One feature of public transportation that I don’t like in Italy is that, unlike any other European countries I’ve visited, there is no machine Buy bus or tram tickets, whether in means or in Stop!Bus and tram tickets They must buy enter newsstand, Or those kiosks that also buy newspapers, or Tobacconist, As the name suggests, the shop selling cigarettes, there are many other things (including tickets). This is very inconvenient when newsstands or tobacco shops are closed because there is no way to buy tickets.In these cases, if you don’t subscriber, You are forced to do what many Italians unfortunately do, and that is travel without a ticket. Or go on foot.Now, perhaps more solutions have been adopted in other Italian cities Keep up with the times (For example, I know that in Florence, you can buy tickets by phone) And if you have a season pass, this is not a problem. But I put myself in the perspective of a tourist, he, get lost, Think of a way to buy tickets, maybe at night, don’t understand How is this done.

They include = Consists of =
casino = Huge noise (here, in other cases, it means chaos, “chaos”)
go back = Back to
machine = Ticket vending machine
Stop = Stop
They must buy = Bought = bought
newsstand = Newsstand
Tobacconist = Tobacco shop
subscriber = Who has a season pass
Keep up with the times = Advance with the times, advance with the times-modern
get lost = Confused
How to do = How did it happen


There is another rather big problem in my specific situation: my city and Turin have almost no connected After midnight of the week. There is no way to return to my city from Turin: neither by train (no more trains), nor by subway (closed), nor by public transport (only one bus, but it’s not from Turin) Very central).So if a person goes out to Turin at night, he will either come back very early (which is very sad) or take a taxi (it takes a heritage) Or go by car (and face Nightmare The process of finding a parking lot will be discussed in the next episode).This is why, in my opinion, Italy is a country of motorists: without cars, you are very limited, especially outside the big cities (but not even outside, I live 15 kilometers from Turin) Place, not at Remote village).But I’ll talk about cars and driving in another episode, which will definitely shiny.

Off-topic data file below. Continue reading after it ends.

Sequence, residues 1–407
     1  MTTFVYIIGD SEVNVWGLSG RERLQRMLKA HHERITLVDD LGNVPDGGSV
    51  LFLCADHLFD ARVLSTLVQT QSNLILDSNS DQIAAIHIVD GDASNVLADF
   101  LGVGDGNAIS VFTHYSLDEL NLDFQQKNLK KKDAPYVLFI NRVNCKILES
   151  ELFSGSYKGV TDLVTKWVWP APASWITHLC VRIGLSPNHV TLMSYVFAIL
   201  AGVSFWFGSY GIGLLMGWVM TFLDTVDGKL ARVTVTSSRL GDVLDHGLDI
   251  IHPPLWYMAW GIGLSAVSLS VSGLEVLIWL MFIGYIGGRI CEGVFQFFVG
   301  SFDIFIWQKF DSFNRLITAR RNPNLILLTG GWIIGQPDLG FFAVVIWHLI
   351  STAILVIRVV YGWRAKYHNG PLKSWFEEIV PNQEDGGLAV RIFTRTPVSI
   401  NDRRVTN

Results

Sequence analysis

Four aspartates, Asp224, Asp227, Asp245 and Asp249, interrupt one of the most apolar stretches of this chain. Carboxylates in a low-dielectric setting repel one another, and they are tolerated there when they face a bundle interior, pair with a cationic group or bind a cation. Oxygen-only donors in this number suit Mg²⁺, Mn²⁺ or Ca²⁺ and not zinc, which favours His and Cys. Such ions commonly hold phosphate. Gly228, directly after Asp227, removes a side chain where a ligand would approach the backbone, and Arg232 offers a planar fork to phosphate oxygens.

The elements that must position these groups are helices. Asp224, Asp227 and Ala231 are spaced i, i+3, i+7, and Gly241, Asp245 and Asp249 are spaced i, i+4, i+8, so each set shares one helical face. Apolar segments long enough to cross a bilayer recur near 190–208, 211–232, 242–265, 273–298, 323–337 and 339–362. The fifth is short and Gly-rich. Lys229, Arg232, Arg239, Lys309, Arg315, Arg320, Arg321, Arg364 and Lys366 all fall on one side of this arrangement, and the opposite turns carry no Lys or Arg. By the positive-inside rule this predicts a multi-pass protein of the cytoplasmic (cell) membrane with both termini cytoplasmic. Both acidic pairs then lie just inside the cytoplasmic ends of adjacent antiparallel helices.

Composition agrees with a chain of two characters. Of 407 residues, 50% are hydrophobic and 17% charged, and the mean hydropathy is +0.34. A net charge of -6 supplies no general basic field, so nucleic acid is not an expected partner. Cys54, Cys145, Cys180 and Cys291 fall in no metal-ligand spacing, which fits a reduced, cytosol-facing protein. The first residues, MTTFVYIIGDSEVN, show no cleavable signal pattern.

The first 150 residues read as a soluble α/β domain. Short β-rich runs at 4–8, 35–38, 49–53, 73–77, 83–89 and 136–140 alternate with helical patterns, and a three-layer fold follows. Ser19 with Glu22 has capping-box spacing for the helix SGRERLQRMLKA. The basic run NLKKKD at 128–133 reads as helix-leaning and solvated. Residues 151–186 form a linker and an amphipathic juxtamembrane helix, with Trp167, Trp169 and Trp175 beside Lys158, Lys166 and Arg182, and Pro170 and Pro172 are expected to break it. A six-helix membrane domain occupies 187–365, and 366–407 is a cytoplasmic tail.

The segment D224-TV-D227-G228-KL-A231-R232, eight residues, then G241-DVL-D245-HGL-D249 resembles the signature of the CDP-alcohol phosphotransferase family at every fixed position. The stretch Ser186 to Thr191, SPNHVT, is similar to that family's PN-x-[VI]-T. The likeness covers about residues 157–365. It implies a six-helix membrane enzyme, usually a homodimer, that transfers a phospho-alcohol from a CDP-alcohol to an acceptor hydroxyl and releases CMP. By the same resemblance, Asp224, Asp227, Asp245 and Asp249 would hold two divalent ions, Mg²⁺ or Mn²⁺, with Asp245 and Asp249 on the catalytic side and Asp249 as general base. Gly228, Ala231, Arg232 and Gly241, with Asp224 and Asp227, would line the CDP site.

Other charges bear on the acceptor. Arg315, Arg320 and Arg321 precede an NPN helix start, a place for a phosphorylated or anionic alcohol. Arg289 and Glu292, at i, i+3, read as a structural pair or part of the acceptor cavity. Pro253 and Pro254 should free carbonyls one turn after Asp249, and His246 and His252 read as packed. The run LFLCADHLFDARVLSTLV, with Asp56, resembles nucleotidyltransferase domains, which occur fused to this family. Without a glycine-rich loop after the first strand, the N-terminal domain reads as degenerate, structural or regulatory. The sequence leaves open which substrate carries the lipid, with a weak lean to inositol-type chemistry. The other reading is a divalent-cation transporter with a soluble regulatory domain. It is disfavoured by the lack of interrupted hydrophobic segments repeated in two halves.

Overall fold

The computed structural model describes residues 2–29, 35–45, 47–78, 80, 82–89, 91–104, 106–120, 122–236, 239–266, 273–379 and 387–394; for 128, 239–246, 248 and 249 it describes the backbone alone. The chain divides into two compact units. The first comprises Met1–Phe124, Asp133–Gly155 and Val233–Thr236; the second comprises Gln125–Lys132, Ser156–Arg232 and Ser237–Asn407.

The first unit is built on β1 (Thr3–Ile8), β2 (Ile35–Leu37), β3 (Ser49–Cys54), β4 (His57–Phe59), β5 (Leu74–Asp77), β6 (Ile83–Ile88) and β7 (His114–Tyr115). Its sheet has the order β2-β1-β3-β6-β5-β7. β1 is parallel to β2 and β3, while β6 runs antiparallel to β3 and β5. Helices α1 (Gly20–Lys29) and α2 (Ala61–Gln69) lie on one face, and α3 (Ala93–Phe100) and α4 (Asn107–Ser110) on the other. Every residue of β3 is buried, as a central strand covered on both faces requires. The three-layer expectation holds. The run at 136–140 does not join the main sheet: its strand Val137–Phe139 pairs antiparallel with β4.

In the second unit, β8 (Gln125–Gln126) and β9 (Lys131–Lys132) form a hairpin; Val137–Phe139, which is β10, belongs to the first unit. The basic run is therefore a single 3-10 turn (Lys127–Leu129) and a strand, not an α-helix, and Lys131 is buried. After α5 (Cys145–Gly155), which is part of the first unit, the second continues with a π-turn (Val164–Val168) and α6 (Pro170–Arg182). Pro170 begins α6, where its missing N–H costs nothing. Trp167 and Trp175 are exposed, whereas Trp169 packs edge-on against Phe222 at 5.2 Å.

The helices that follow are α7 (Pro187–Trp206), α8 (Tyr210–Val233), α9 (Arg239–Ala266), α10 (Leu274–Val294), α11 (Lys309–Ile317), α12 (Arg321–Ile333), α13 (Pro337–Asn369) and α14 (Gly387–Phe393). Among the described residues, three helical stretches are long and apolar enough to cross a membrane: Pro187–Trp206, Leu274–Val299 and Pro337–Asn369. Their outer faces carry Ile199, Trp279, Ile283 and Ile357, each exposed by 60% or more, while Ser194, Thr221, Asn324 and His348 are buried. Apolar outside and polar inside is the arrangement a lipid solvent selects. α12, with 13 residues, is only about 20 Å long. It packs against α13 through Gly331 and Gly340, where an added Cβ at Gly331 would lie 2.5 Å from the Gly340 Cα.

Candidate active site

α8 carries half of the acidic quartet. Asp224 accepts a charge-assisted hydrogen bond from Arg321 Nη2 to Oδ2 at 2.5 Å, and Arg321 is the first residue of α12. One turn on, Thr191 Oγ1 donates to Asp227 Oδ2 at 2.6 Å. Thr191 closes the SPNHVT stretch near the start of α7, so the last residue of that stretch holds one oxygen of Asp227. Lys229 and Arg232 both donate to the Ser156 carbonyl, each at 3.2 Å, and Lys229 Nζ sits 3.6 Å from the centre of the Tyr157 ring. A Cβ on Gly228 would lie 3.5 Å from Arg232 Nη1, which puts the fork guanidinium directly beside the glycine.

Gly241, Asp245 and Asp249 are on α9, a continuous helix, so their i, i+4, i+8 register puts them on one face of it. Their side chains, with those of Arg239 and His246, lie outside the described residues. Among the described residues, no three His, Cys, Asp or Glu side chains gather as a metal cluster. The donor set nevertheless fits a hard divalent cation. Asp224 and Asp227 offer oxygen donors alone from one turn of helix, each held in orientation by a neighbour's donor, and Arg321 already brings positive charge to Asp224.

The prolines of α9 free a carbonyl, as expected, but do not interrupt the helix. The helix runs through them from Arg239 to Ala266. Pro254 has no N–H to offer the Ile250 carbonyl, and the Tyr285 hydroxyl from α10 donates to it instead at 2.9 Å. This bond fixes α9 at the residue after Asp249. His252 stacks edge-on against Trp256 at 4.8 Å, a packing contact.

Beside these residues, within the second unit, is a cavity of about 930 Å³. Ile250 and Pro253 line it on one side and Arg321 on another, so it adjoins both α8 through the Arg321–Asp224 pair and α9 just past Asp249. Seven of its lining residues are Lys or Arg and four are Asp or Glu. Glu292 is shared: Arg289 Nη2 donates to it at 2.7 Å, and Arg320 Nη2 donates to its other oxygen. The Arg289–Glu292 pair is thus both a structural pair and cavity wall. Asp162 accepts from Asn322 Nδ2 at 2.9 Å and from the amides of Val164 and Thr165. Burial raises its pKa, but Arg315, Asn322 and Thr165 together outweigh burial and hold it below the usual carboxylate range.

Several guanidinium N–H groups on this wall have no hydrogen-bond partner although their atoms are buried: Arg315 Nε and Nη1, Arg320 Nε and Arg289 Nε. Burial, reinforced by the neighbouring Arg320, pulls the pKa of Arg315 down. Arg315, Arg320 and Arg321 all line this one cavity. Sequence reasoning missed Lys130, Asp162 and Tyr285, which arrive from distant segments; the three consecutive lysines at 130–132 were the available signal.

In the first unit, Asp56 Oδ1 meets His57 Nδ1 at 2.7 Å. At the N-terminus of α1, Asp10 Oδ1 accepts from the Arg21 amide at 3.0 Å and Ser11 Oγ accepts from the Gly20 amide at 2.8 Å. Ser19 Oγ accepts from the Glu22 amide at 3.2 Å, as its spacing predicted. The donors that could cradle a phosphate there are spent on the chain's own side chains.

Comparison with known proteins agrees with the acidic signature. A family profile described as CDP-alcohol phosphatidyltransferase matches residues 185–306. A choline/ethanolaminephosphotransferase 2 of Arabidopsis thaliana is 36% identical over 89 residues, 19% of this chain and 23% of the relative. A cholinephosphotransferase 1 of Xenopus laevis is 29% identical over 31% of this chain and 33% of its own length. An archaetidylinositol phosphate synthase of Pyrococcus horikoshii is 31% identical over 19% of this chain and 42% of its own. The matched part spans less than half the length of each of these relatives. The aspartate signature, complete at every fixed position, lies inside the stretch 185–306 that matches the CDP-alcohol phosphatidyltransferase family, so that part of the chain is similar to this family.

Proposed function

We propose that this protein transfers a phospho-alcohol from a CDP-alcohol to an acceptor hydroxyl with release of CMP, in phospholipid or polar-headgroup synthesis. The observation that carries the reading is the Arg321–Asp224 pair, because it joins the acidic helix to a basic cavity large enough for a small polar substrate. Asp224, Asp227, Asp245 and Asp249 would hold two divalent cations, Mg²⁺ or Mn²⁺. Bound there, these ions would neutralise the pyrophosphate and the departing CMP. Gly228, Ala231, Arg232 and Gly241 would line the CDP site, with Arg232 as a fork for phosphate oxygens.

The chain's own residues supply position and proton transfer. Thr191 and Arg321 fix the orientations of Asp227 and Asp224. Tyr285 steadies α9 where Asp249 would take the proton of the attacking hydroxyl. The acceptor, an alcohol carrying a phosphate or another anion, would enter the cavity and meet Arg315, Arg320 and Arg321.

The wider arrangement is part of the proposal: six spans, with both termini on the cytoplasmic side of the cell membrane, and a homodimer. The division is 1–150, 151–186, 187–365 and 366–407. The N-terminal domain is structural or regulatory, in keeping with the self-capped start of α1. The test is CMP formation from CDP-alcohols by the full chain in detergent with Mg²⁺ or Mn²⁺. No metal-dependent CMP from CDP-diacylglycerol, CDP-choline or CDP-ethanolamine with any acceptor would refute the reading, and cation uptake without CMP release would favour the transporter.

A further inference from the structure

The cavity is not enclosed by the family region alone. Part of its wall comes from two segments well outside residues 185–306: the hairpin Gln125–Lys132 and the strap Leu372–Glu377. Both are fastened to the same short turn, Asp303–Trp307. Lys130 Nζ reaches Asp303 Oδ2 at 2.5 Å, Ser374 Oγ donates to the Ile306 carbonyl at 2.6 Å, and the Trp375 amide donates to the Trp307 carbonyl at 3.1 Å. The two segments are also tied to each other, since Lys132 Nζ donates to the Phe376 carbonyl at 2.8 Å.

All in all, this matter Make me angryIn other words, what makes me angry is seeing the efficiency and modernization of public transportation in other countries, even if the traditional economic strength is not as good as that of Italy, such as Poland.Is not I know thoroughly This question, although Hit In fact, in one of the 10 most powerful economies in the world, public transportation has many problems and is far from perfect.
Okay, I have reached the end of this episode, and I realized that after this episode and the episode “Italy sucks” (I remember its title is provocative), I seem to be a little bit Bromolone Who knows how to complain. I promise that I will try to make some more positive episodes in the future, but I think it’s also interesting to talk about the slightly negative side of our country, not just how good the pizza is, how beautiful the sea is, and how beautiful they are. Our church and our cultural heritage. What do you think? If you have any experience with public transportation in Italy and how it compares with your country, please let me know. Please be honest.

connection = Connected
heritage = A lot of money
nightmare = Nightmare
In a remote country = Far in the country (sperduto = remote, desolate)
sparkling = Fun, lively (kindness)
It makes me very angry = Driving me crazy
Thoroughly understand = I don’t fully understand
It’s on strike = Astonishing, astonishing-astonishing
Bromolone = Grumpy, grumpy-a person who always complains


[Outro improvvisata e non trascritta]